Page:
"Well, for God’s sake. Tell me what I need to know!"

Nina opened her throat --

And the wail came -- thin at first, but growing broader. It echoed against the walls of the small room, and keened out through the open windows over the small courtyard and into the neighborhood. It swelled with more fervor than ever, and in it were strains that the neighborhood had not heard before. Loss was there, like the whine of an oboe, and fear -- a caterwauling soprano fear of loving and of dying. Despair echoed through it -- a deep, hollow pitch -- and some heard the sweet overtones of nostalgia. But above all, it was filled with the sound of loneliness, an ethereal moan of a melody that pierced the hearts of those who heard it.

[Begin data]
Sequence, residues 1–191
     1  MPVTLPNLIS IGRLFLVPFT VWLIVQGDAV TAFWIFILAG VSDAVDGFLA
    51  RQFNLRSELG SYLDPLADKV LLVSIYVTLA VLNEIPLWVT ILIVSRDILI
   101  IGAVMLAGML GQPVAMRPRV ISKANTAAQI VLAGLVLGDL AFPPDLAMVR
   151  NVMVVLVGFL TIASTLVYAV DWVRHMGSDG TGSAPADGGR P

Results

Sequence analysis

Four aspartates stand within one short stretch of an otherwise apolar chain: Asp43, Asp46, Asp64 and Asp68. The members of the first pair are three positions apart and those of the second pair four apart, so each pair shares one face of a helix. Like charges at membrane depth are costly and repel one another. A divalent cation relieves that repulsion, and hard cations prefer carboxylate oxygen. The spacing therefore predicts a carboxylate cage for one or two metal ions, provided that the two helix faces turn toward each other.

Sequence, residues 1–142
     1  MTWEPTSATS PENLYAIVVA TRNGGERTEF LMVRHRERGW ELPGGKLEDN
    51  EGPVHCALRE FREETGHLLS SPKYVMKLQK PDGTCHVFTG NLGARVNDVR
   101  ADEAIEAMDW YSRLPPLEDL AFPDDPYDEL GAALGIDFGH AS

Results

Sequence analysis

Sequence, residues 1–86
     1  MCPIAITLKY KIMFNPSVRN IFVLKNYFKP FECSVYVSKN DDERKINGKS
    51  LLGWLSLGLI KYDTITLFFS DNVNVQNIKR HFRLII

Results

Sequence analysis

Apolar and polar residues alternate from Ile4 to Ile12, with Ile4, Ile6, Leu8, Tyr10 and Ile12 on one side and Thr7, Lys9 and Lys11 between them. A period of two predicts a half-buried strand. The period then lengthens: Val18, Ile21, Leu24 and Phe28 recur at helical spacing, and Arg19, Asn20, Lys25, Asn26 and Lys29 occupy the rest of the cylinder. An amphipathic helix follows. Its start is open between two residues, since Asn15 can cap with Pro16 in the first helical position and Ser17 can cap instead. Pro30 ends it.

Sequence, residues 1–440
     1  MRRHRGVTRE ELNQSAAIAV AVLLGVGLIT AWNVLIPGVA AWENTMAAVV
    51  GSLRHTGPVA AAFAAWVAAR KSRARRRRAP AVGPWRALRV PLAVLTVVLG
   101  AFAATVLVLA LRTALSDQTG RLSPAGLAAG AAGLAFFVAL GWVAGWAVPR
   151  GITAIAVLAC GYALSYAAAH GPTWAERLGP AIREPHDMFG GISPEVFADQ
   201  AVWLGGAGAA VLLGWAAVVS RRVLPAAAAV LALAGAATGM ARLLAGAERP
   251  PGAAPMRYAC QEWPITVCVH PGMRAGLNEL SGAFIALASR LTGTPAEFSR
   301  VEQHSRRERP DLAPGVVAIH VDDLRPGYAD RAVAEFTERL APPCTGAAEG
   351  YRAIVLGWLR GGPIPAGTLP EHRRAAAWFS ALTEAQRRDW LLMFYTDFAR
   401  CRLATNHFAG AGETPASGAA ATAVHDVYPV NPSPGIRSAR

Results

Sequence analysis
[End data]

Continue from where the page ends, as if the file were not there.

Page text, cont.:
It startled the earnest young yoga teacher, who was teaching a class in his studio. He was in the midst of demonstrating the downward-facing dog pose when it began, and he slipped and knocked the crown of his head against the floor. He sat up, dazed, and looked out at his classful of students, who were frozen in various stages of the pose. He rubbed his head and was surprised to feel the prick of tears come to his nostrils, and before he could decide whether to allow them to come, they came, and with them came a sound that had never before come from his throat -- an echo of La Llorona's wail. The yoga teacher wept in front of his Beginning Iyengar Technique class and as he wept, he heard his cries mingle with the wailing woman's in a sweetly dissonant harmony. He wept more loudly, opening his throat and braying like a saddled animal. Several members of his class believed he was demonstrating the next pose, and they watched, practicing his form -- the eyes clenched closed, the mouth yawning wide, the vocal cords stretched -- a few of them even wept with him, feeling as though they were freeing the demons that clutched at their hearts and choked their most dear and limber thoughts and feelings and locked them into cubbies of time and space, stifling compartments of right and wrong and yes and no. The weeping welled up in the yoga studio and joined Nina's wail, creating a tidal wave of sound. It crashed into the evening traffic, making drivers stop their cars, get out, and wonder at the echoes of pain rustling through the leaves of the palm trees that lined the street. One driver wondered if he was hearing the bells ring in the tower of the Mission Dolores church on the corner, and it reminded him of his mother, who had come to San Francisco from a small town in Italy, and how she used to tell him of the church bells in her town, which rang every morning and summoned the townspeople to morning Mass to pray and ask forgiveness, and he, too, began to cry -- the tears dropping onto his polyester pants, his hands gripping the steering wheel -- and as he leaned forward, resting his forehead against the wheel, his chest pressed the horn, which bleated out its own wail in accompaniment. The Colombian woman in the shotgun two-bedroom slipped in her ironing and burned her hand, and as she rushed into the kitchen to run cold water over the burn, she realized she had left the iron flat on her husband's last collared shirt, but as she ran back to save it from being singed, she heard her son call for her from his room, and finally she just stopped in her tracks and wept, letting the shirt burn and her hand pulse with pain and her son wander out into the dining room. He, too, bawled at the sight of his mama weeping. The newlywed computer programmers gripped each other tightly in the midst of their love-making, and the woman, in the throes of ecstasy, overcome with joy at the sweet gift of the man she held inside her, also allowed her wail to rise over the neighborhood, through the leaves of the lemon tree in the backyard, and mix with the general melee of sound that filled the air. Gladys listened to all of this, frozen, her eyes fixed on Nina’s wide mouth and trembling tongue. Finally, Nina ran out of breath. The wail became a whimper, the wave of sound subsided, and Nina fell to the ground with a shuddering gasp. A sudden and deep quiet reigned over the small pocket of the city.